Cultivating perspicacity and wit
And: some thoughts as to why you might consider journaling.
It’s a gloriously overcast day here, replete with divine drizzle. Not rain; no pitter-patter. Nor mist, but something betwixt. It’s silvery. I love it: the perfect weather in which to write to you.
What-ho and hello! This is The Museletter of Dr Fox. If a friend forwarded this to you, you might like to have my mostly-loyal ravens deliver future epistles to you, too. 🧡
I recently found myself updating The Ritual of Becoming that lies within The Character Handbook. But before I get to that—would you like to join the dangerlam and I as we host a weekend workshop with our friend Cecilia Macaulay?
We’re calling it ‘Enchanting Work at Home’ and it is ideal for anyone who feels that their work-from-home situation could be made somehow more inspiring and uplifting. More ‘enchanted’ and conducive to focus and flow, so that you might flourish in these times—whilst also ensuring that work doesn’t ‘take over’ other sacred spaces in your home.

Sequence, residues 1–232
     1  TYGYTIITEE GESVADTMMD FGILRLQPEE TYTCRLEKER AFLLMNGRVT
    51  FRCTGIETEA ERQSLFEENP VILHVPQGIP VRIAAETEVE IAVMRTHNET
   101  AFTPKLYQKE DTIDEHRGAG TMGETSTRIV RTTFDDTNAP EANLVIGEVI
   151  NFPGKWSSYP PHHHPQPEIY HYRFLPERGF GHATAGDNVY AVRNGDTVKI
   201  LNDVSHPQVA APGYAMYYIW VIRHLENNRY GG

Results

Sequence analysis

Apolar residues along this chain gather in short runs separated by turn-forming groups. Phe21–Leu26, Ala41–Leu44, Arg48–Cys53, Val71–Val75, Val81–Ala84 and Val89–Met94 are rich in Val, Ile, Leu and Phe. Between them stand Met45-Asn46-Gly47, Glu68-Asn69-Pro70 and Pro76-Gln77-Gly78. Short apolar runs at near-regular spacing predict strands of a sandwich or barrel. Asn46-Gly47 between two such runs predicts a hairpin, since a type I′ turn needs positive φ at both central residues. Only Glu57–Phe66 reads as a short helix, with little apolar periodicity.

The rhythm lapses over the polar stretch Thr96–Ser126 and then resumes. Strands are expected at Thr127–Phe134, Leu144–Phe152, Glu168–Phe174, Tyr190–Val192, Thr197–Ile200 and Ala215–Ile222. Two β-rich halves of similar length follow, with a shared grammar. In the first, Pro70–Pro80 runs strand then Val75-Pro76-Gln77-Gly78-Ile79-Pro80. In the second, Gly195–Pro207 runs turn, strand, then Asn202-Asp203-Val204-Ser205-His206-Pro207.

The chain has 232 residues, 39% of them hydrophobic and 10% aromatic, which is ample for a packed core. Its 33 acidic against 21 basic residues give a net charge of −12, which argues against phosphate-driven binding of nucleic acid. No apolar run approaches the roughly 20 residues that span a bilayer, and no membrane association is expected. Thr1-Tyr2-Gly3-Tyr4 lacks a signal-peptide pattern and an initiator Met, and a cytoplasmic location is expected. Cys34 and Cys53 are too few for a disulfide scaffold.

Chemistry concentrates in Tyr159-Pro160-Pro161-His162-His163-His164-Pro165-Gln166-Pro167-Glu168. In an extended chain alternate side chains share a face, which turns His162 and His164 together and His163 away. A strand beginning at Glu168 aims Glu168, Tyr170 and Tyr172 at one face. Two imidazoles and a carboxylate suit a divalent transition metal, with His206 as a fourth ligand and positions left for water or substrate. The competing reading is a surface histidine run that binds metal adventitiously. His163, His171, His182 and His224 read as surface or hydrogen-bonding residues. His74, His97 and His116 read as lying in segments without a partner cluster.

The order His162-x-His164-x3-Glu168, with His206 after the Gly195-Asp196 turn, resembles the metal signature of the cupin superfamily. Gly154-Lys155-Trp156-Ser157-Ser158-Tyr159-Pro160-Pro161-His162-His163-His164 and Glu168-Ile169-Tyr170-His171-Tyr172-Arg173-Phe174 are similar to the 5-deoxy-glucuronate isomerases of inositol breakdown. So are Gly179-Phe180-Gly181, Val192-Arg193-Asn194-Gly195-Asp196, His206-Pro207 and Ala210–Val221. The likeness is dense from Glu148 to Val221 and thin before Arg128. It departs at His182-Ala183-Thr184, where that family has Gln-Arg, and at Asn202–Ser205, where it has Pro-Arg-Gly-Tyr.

It’s happening this weekend Saturday 10th October 2–4pm AEST (utc +10) / 3–5pm AEDT (utc +11) and Sunday 11th October 2–330pm AEST (utc +10) / 3–430pm AEDT (utc +11). Daylight savings continues to confuse this wizard, but details and tickets can be found here. We are keeping this small and intimate, and it would be a joy to have you with us. Gift yourself—or someone on your team. This will be a wellspring.
Cultivating perspicacity & wit
—three of my favourite words! ‘Cultivating’ (as per last week’s musing), perspicacity (the quality of having a ready insight into things; shrewdness) and ‘wit’ (associative knowledge, aptly manifest and deftly deployed). And, hey: I like ampersands, too.* So: well done me, eh?
* Martin Majoor, a dutch typographer and one of my all-time favourites recently previewed the ampersand of a new family he’s working on and I am gushing.